So we went back home and tried to deal with the situation. We decided to go see another pulmonologist in Apollo, New Delhi. One of the heart specialists had recommended him as "the best in the country". When we asked him about whether we should get a lung transplant he seemed to not know about the procedure happening in India. Not only that, but he recommended against it. He said "Oh sir, when your DLCO falls below 35% only then we'll look into it".
In all of these days, no one had mentioned the words "Acute Exacerbation". It was only through my research online that I found out about this. I was so scared. Did we mess up my dad's health more by performing the stenting ?! Why didn't the doctors say that something like this could happen ?
Well, the short answer is "the doctors wouldn't know". This is the worst thing about IPF - we do not truly understand it's nature, progress, and speed. In my dad's case, he was going through an acute exacerbation. This became evident when in February I had to buy a portable O2 concentrator just so that he could walk around comfortably. But by the end of February not even the 2.5L of pulse flow portable oxygen was enough for him. He needed 5L of continuous O2 to walk around - we got him a long tube for his big concentrator. In December, my dad had walked into Apollo hospital to see the doctor. In February, I had to take him in on a wheelchair. Yet, the doctor looked at his X-Ray and said "There's no acute exacerbation - it looks okay". I don't think he knows how to read an X-Ray or maybe an X-Ray is not the right tool for the job. The days running up to my wedding were interlaced with visits to incompetent and impatient doctors in New Delhi. Unfortunately, it was all for nought.
On 5th March 2013 my dad passed away and even in the ICU in the Army Hospital R&R, the pulmonologist was not sure of whether this was an acute exacerbation or not. He was not sure if it was an infection or something else. They had run several tests since my dad was admitted there for the past 2 days. They had cleared his heart of any issue. He needed 10L of continous flow O2. His condition had worsened a lot over the night of the 4th and on the 5th even with 11L of continous flow O2 he could not maintain over 70% saturation. When I saw him in the ICU on the morning of the 5th, he was delirious due to the lack of O2. When I went up to him, he just opened his eyes momentarily before he went back to groaning and trying to breathe. The doctor in charge of the ICU asked us if we wanted to try mechanical ventilation.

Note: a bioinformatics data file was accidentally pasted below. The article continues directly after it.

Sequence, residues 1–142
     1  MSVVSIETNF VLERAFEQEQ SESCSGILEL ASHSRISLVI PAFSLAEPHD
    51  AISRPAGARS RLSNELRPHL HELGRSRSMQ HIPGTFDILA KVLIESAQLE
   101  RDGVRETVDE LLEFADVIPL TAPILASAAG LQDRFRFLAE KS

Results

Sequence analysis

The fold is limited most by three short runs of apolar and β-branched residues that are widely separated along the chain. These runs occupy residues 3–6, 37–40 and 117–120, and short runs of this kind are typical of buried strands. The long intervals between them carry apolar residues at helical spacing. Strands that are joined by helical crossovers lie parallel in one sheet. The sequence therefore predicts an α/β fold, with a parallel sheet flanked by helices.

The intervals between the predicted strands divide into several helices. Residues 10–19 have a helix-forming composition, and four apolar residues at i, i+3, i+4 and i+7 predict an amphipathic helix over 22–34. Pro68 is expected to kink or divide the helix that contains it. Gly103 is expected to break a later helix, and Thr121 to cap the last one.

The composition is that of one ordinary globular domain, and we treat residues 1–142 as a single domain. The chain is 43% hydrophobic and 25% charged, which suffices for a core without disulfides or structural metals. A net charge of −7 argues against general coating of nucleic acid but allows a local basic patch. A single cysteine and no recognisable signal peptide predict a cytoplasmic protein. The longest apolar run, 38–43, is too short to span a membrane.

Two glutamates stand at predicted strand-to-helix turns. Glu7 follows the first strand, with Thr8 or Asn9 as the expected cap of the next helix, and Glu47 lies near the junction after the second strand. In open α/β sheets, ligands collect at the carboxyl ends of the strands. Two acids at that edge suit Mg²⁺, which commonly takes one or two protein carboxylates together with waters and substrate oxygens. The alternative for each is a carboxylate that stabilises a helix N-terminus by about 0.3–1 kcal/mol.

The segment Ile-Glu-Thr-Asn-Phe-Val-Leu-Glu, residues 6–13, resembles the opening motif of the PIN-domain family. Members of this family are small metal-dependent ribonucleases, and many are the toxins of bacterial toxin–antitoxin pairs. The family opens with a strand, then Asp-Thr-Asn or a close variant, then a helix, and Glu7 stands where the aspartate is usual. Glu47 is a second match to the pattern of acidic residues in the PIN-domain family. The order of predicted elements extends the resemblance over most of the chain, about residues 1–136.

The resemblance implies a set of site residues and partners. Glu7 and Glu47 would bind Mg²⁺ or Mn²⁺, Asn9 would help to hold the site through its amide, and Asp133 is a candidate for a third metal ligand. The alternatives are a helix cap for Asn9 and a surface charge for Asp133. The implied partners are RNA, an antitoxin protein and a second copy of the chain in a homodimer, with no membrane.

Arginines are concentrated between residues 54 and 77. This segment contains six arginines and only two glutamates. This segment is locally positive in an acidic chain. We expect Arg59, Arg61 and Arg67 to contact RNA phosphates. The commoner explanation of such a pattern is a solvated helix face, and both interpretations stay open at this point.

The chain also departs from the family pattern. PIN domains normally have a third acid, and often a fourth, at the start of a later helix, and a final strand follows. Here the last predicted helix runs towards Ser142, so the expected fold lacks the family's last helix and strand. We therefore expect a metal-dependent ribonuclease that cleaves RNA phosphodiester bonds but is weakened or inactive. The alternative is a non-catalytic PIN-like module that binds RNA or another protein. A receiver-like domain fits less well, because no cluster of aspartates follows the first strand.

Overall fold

This was the moment that I had to make the toughest decision of my life. The decision to let my father go. I had read everything online. IPF patients respond poorly to mechanical ventilation. The procedure is traumatic and the outcome is poor. After all, it's not like my father will take mechanical ventilation and suddenly be cured of his IPF. He would still struggle to breathe, even if he managed to make it out of the ICU. The doctor in the ICU also agreed that IPF patients should not be mechanically ventilated. There's no point.
My mother was with me and already crying. I asked the doctor what we can do to make him comfortable. She said that we can give him morphine and he will be peaceful and comfortable. I told her to do it. I asked her if we had to sign some sort of consent form but she said verbal consent from family is enough.
I have no doubt in my mind that my dad's sudden and sharp decline was due to an acute exacerbation of IPF. This phenomenon is well documented in IPF research and I have read a lot of things about it. Unfortunately, it appears that medical professionals in India seem to be quite unaware of it. They are bogged down treating regular varieties of pulmonary disease (TB, Pneumonia, etc.) that IPF doesn't fly too high on their radar. So what caused my dad's acute exacerbation ?
- Was it the chart busting pollution in New Delhi ? (my parents were living in Coimbatore until September 2012)
- Was it the initial angiography in Global Hospital ?
- Was it because of periods of hypoxia while my dad was not on O2 ?
- Was it the stenting procedure ?
- Was it something else ?
Unfortunately, we will never know why these things happened the way they did. However, the ultimate truth is that my dad went from walking a few kilometers in the trade fair in November 2012 to not being able to walk on 10L of O2 in March 2013. He knew he had IPF for 6 years but his decline in the end was very sharp.
It's important for IPF patients to understand that acute exacerbations can happen at anytime and to take proper care. It's also important to find a competent doctor, if you know anyone, please leave his info in the comments - it will help other people IMMENSELY. I could not find a good doctor in the top hospitals of New Delhi (I only tried Fortis and Apollo).